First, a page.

Tokyo Contemporary Art Award 2019-2021 Exhibition
Museum of Contemporary Art Tokyo
March 20 – June 20, 2021
Temporary closure from April 25 (Sunday) to May 11 (Tuesday)
The Tokyo Metropolitan Government and Tokyo Arts and Space (TOKAS) established the Tokyo Contemporary Art Award (TCAA) in 2018 as a contemporary art prize to encourage mid-career artists to make new breakthroughs in their work by providing them with two years of continuous support. An award exhibition will be held at the Museum of Contemporary Art Tokyo featuring Kazama Sachiko and Shitamichi Motoyuki, the winners of the inaugural Tokyo Contemporary Art Award 2019-2021. This exhibition highlights early and recent works by Kazama Sachiko and Shitamichi Motoyuki.
Kazama Sachiko‘s latest series is also the title of her exhibition: Magic Mountain. It is inspired by German novelist Thomas Mann’s The Magic Mountain and revolves around the theme of breaking away from confrontation through introspection amid the global spread of the coronavirus pandemic. Her exhibition presents past works related to this theme, in addition to other large-scale artworks, to show the trajectory of her thought as an artist.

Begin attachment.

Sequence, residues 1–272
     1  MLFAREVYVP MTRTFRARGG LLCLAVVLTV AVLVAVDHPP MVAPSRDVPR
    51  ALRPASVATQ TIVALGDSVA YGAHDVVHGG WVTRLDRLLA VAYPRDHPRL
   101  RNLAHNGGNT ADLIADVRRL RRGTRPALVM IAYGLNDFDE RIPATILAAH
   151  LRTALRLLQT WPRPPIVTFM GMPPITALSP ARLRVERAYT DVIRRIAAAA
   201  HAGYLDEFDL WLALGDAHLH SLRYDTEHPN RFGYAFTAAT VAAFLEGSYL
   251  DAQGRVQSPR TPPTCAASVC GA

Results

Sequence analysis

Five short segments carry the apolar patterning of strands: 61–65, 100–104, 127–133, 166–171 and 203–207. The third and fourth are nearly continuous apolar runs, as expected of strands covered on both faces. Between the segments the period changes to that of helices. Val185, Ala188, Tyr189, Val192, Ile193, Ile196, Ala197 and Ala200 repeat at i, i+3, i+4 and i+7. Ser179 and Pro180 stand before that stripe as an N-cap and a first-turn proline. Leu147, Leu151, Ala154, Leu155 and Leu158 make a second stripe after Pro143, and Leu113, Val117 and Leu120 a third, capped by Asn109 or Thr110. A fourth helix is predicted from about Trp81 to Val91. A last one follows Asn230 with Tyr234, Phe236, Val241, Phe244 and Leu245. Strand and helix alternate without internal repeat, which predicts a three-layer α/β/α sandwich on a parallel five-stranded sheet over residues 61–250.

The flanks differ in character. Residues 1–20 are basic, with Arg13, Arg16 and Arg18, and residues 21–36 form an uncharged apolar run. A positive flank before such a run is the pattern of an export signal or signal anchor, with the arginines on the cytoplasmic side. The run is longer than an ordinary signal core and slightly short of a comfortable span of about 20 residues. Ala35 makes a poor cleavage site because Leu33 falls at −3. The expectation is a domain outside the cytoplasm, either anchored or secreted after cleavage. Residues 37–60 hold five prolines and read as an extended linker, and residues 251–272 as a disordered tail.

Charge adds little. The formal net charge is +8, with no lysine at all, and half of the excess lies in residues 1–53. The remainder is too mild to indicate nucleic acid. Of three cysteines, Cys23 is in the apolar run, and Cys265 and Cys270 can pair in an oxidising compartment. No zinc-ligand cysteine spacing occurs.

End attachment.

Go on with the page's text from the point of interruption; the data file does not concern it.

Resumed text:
Kazama Sachiko probes the past to uncover the origins of contemporary phenomena, creating primarily black woodblock prints foreshadowing the dark clouds hanging over the future. She uses a variety of motifs, turning each print into nonsense in a manga-like style, experimenting with diverse forms of expression using a single color, black, but making effective use of its gradations. She uses sharp, knife-etched lines to artfully depict themes. Her works portray fictional worlds, but, in creating them, she has carried out original, and thorough, research on old documents and other materials. By carving the black gloom of reality and history, she scoops out the lies from truth and depicts truth from lies.
Through his projects, Shitamichi Motoyuki has created works that incorporate the intentions of others into his own process, as well as works that are passed onto, or used by others, and therefore blur the boundaries of what we consider “artwork.” He attempts to discover what lies between ordinary life and artistic creation by focusing on works that develop in the course of life as it unfolds.
Shitamachi Motoyuki spent four years researching and photographing gun batteries and hangars for military aircraft throughout Japan, publishing the results in the Remnants series (2001-2005). He then traveled to the USA, Taiwan, Russia, and Korea to shoot Japanese shrine gates remaining from Japan’s colonial period for his masterpiece Torii series (2006-2012). Shitamachi, known for creative activities based on extensive travel and fieldwork, produces works that, while documenting landscapes, are not an archive of historical facts. They are evidence of stories forgotten in everyday life or so routine as to be clearly sensed, brought to life through photographs, events, and interviews, edited to restore their reality, and shown to us today as events beside us, that continue to affect life today.